Research

Factors associated with repeat genital symptoms among sexually transmitted infection service attendees in South Africa, 2015 - 2016

R C Mathebula, L R Kuonza, A Musekiwa, R Kularatne, V Maseko, T Kufa

Abstract


Background. South African guidelines recommend a syndromic approach for the management of sexually transmitted infections (STIs), based on the presence of genital symptoms. However, the guidelines do not prescribe specific indications for microbiology testing for patients presenting with or without repeat genital symptoms.

Objectives. To describe the prevalence of and factors associated with repeat genital symptoms among STI service attendees at primary care facilities.

Methods. This was a cross-sectional study at 7 STI primary care facilities participating in the aetiological surveillance of STIs between January 2015 and December 2016. Demographic and clinical information and appropriate genital specimens were collected from participants presenting with vaginal discharge syndrome (VDS), male urethral syndrome (MUS) and/or genital ulcer syndrome (GUS). Repeat genital symptoms were defined as self-reported history of the same STI-related genital symptoms in the preceding 12 months. Multivariable logistic regression identified factors associated with repeat genital symptoms.

Results. Of 1 822 eligible participants, 480 (30%) had repeat genital symptoms (25% and 75% in the preceding 3 months and 12 months, respectively). Of those with repeat genital symptoms, the median age was 28 (interquartile range (IQR) 24 - 32) years, and 54% were females. The most common aetiological agents among participants with VDS, MUS and GUS were bacterial vaginosis (n=132; 55%), Neisseria gonorrhoeae (n=172; 81%) and ulcers (n=67; 63%), respectively. One hundred and seven (20%) participants had no detectable common STI aetiology. In the multivariable analysis, repeat genital symptoms were associated with HIV co-infection (adjusted odds ratio (aOR) 1.43; 95% confidence interval (CI) 1.14 - 1.78), VDS diagnosis (aOR 1.39; 95% CI 1.10 - 1.76), self-reported condom use (aOR 1.56; 95% CI 1.20 - 2.03) and age 25 - 34 years (aOR 1.33; 95% CI 1.03 - 1.71).

Conclusions. Our study found a high prevalence of repeat genital symptoms ‒ a significant proportion without STI aetiology. Identified factors of repeat genital symptoms highlight the need for improved integration of HIV and STI prevention and management. Further research is needed to determine the aetiology of repeat genital symptoms and the contribution of non-STI causes.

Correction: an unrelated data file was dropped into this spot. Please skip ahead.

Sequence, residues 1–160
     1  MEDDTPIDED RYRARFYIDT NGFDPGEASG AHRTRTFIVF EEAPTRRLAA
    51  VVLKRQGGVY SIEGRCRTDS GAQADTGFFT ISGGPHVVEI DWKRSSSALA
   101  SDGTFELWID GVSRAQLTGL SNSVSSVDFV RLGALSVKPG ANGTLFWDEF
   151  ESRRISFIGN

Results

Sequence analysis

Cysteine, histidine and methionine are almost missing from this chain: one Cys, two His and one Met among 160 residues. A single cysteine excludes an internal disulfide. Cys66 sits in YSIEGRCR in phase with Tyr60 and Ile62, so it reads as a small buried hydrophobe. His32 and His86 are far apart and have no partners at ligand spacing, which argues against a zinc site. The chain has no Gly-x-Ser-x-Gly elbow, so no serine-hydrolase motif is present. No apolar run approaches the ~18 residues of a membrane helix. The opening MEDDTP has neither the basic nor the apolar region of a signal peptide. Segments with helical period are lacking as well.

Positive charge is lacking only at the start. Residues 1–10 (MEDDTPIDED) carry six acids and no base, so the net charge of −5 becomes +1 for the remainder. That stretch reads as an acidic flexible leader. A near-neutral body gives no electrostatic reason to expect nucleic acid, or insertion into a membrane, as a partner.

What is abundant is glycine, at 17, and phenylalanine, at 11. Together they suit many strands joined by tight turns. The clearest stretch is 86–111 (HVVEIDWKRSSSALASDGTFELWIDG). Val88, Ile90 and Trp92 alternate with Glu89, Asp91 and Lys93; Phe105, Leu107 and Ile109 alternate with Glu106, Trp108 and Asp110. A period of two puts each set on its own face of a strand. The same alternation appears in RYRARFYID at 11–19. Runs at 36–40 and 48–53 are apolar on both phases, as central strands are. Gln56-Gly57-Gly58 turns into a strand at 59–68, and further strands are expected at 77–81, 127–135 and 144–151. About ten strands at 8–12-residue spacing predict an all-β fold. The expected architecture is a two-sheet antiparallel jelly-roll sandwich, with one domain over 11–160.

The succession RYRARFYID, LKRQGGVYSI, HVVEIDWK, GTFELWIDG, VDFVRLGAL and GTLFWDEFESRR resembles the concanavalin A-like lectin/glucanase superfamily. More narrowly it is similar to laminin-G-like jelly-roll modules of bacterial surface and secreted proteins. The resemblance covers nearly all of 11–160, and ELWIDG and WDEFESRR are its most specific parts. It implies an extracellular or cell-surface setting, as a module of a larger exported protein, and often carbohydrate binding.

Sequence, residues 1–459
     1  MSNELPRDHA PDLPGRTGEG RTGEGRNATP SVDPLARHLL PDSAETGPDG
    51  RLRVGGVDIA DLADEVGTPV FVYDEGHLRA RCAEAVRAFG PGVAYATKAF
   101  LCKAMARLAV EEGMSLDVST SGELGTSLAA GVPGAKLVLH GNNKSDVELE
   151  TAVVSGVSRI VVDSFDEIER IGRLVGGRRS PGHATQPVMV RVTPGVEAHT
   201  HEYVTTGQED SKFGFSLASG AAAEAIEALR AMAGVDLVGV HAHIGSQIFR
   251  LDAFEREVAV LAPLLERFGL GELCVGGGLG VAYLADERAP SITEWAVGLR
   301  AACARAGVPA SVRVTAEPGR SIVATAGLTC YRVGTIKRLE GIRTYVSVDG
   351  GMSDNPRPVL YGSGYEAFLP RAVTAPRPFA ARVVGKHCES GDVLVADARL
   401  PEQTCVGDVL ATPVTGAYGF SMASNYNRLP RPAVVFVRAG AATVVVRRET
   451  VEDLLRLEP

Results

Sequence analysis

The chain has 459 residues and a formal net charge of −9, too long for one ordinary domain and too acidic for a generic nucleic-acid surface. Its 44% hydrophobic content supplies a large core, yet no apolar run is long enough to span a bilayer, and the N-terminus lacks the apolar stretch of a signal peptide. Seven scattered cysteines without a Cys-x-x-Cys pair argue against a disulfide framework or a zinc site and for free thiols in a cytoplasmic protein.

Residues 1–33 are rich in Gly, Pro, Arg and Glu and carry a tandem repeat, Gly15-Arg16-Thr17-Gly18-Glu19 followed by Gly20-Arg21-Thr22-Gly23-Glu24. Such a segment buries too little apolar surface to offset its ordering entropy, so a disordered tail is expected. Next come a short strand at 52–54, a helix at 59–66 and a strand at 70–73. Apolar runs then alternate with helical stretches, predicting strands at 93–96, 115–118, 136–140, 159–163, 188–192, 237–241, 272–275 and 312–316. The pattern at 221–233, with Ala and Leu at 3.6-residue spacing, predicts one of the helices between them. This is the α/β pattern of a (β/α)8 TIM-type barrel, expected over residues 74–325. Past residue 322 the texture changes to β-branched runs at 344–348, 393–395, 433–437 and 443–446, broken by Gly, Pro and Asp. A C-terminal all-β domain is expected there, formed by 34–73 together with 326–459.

Authors' affiliations

R C Mathebula, School of Health Systems and Public Health, Faculty of Health Sciences, University of Pretoria; and South African Field Epidemiology Training Programme (SAFETP), National Institute for Communicable Diseases, Johannesburg, South Africa

L R Kuonza, School of Health Systems and Public Health, Faculty of Health Sciences, University of Pretoria; and South African Field Epidemiology Training Programme (SAFETP), National Institute for Communicable Diseases, Johannesburg, South Africa

A Musekiwa, School of Health Systems and Public Health, Faculty of Health Sciences, University of Pretoria; and South African Field Epidemiology Training Programme (SAFETP), National Institute for Communicable Diseases, Johannesburg, South Africa

R Kularatne, Centre for HIV and STI, National Institute for Communicable Diseases, Johannesburg; and Department of Clinical Microbiology and Infectious Diseases, Faculty of Health Sciences, University of the Witwatersrand, Johannesburg, South Africa

V Maseko, Centre for HIV and STI, National Institute for Communicable Diseases, Johannesburg, South Africa

T Kufa, Centre for HIV and STI, National Institute for Communicable Diseases, Johannesburg; and School of Public Health, Faculty of Health Sciences, University of the Witwatersrand, Johannesburg, South Africa

Full Text

PDF (188KB)

Keywords

Sexually transmitted infections; Syndromic management; Repeat genital symptoms; Persistent; Recurrent; STI aetiology

Cite this article

South African Medical Journal 2020;110(7):661-666. DOI:10.7196/SAMJ.2020.v110i7.13998

Article History

Date submitted: 2020-07-07
Date published: 2020-07-07

Article Views

Abstract views: 901
Full text views: 995

Comments on this article

*Read our policy for posting comments here